%x[..]. Recently I needed to kick off a system process, so I spent some time working with all 3 options.
Kernel.exec does exactly what the documentation states:
Replaces the current process by running the given external command. If exec is given a single argument, that argument is taken as a line that is subject to shell expansion before being executed. If multiple arguments are given, the second and subsequent arguments are passed as parameters to command with no shell expansion. If the first argument is a two-element array, the first element is the command to be executed, and the second argument is used as the argv value, which may show up in process listings. In MSDOS environments, the command is executed in a subshell; otherwise, one of the exec(2) system calls is used, so the running command may inherit some of the environment of the original program (including open file descriptors).An important thing to notice is that it replaces the current process. To immediately see what is meant by 'replaces', try running exec from irb:
exec "echo *" # echoes list of files in current directory
# never get here
exec "echo", "*" # echoes an asterisk
# never get here
focus:~/work/eaa jay$ irbA more realistic example could be, assume you wanted to execute an external command from rake and you tried to use
irb(main):001:0> exec 'svn st'
exec. Your external command would be executed, but rake would never finish. Not exactly desired results.
Kernel.system behaves very similarly, but does not replace the current process. The documentation states the following:
Executes cmd in a subshell, returning true if the command was found and ran successfully, false otherwise. An error status is available in $?. The arguments are processed in the same way as for Kernel::exec.The same irb test shows us that system will return true or false, and $? can be used to get a Process::Status instance.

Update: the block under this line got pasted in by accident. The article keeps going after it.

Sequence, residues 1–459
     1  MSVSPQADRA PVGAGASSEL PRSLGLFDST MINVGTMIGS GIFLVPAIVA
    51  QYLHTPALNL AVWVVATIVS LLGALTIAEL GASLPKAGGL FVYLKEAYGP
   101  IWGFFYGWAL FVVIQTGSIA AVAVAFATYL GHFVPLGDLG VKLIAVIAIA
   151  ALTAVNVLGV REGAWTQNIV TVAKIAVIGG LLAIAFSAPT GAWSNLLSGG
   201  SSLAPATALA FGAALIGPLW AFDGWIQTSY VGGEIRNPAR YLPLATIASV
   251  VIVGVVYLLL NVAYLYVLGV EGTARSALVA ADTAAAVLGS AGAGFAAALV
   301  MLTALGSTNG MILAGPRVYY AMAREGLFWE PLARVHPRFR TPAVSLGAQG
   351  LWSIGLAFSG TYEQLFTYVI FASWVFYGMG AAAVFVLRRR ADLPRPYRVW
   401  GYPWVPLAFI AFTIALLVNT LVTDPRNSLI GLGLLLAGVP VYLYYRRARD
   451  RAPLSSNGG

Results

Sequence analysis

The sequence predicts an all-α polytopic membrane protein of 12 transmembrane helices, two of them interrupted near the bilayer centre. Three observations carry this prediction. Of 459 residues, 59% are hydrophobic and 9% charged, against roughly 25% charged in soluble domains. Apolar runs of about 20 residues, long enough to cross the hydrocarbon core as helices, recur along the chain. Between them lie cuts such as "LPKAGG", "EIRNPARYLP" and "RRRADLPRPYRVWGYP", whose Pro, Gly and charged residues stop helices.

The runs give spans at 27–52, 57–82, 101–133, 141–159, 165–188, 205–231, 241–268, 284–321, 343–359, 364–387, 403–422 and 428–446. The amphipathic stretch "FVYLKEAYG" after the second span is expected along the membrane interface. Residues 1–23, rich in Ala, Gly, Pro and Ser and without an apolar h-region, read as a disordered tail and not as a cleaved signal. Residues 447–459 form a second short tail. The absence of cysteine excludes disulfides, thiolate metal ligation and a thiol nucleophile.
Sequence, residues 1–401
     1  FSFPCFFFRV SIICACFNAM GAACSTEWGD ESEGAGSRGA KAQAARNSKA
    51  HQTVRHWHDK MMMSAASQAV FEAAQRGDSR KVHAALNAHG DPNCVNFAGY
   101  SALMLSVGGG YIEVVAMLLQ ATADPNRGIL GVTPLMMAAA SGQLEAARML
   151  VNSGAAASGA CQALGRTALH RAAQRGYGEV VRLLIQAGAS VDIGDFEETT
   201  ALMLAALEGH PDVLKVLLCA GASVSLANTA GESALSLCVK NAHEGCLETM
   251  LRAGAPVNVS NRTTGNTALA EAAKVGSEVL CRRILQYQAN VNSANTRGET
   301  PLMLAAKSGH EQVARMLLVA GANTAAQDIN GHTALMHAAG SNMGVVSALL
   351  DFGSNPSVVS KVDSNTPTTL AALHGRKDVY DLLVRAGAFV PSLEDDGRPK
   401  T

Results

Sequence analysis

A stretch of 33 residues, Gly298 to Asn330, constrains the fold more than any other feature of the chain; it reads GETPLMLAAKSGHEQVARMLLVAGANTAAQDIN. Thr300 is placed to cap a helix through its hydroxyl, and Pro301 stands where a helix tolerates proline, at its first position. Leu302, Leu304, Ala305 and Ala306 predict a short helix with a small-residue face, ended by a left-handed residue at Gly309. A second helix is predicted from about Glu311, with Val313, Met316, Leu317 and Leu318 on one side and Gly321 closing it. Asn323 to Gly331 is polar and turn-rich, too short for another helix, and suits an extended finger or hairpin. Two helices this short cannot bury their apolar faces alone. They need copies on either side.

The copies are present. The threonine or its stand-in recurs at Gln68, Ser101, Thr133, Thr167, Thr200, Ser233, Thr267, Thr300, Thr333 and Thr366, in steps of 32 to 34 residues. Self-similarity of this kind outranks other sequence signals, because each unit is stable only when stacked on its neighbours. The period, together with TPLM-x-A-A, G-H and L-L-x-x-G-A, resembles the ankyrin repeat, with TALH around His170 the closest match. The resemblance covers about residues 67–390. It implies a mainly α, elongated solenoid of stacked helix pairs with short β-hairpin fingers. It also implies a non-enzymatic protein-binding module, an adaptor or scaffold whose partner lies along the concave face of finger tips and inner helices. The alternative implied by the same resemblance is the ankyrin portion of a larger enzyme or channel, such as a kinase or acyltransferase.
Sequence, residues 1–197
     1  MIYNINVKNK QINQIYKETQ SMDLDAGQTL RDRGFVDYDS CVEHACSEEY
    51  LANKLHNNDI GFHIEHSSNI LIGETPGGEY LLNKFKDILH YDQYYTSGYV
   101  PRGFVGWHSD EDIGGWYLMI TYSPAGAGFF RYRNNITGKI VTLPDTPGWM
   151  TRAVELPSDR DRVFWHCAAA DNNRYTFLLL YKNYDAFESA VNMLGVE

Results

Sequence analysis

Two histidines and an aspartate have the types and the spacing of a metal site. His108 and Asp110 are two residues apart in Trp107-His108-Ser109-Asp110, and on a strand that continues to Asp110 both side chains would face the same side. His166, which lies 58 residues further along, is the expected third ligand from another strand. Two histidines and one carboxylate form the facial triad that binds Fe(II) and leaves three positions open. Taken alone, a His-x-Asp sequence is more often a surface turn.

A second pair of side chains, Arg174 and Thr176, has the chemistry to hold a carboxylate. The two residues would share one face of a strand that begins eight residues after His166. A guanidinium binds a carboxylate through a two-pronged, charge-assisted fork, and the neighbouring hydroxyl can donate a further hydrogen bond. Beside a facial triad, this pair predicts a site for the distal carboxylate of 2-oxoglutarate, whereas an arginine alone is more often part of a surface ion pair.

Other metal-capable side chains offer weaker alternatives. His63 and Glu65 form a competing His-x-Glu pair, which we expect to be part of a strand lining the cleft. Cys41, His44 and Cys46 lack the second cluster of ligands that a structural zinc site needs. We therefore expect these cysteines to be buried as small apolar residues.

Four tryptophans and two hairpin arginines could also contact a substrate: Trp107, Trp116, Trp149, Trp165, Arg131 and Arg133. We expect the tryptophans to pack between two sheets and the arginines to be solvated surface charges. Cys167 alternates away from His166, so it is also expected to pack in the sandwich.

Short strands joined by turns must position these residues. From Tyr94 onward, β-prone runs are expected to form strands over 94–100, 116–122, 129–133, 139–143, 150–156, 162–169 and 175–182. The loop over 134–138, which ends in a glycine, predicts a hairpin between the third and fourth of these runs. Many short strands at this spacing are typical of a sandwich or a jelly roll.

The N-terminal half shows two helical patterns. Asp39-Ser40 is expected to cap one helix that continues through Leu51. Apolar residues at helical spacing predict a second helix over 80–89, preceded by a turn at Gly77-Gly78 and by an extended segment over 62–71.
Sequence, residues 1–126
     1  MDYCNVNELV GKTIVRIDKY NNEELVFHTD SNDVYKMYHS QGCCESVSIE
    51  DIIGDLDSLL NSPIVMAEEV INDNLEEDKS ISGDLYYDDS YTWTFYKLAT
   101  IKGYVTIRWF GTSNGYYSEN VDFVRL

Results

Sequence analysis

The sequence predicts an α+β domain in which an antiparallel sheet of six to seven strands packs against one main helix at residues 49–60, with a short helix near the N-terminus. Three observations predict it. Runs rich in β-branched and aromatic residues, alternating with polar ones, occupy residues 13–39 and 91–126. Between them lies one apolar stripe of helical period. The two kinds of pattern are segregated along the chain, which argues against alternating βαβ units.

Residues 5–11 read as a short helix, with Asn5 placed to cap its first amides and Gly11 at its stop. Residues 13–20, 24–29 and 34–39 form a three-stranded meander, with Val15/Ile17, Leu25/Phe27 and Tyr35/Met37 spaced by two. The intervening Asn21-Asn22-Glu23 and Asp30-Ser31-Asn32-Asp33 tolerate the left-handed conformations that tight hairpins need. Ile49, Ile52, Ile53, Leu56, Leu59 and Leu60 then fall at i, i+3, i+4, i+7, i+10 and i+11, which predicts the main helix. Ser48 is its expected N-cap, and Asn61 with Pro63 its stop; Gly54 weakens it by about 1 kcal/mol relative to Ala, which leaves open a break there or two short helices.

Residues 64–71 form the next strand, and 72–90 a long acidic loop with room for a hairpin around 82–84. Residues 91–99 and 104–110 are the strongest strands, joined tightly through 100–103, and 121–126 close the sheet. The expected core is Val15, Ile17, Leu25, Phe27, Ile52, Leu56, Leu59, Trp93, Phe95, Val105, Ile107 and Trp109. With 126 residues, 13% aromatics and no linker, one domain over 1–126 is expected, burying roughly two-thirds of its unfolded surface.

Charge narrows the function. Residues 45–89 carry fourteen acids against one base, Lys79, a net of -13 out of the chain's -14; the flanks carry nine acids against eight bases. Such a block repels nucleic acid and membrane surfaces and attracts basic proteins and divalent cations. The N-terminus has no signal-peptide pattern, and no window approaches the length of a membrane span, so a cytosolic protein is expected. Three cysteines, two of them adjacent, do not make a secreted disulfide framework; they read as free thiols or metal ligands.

irb(main):014:0> s = system 'uptime'Process::Status does contain the exitstatus Fixnum, but it does not appear to capture any errors that may occur.
10:56 up 3 days, 23:10, 2 users, load averages: 0.17 0.17 0.14
irb(main):019:0> s = system "ruby -e 'invalid ruby $%^&'"Though I do like knowing my external application failed, it is nice to know why it failed. If you can redirect the output to a file this isn't a problem; however, you have 2 options if the execution output is simply dumped to stdout. The first option is to use
-e:1: parse error, unexpected $undefined., expecting $
invalid ruby $%^&
systemand redirect output to a file
irb(main):003:0> system 'uptime > results.log'Another option is to use
focus:~/work/eaa jay$ more results.log
13:09 up 4 days, 1:23, 2 users, load averages: 0.21 0.24 0.19
%x[..]and save the results. This option is more often used when the results need to be captured and used to determine further execution flow. To capture the results of a
%x[..]you need to assign a variable to the return value.
irb(main):001:0> result = %x[uptime]Using
=> "13:16 up 4 days, 1:30, 2 users, load averages: 0.39 0.29 0.23\n"
irb(main):002:0> p result
"13:16 up 4 days, 1:30, 2 users, load averages: 0.39 0.29 0.23\n"
systemallows you to deal with the output when false is returned. However, if you are always going to open the file and process the results you are likely better off using
%x[..]in the first place.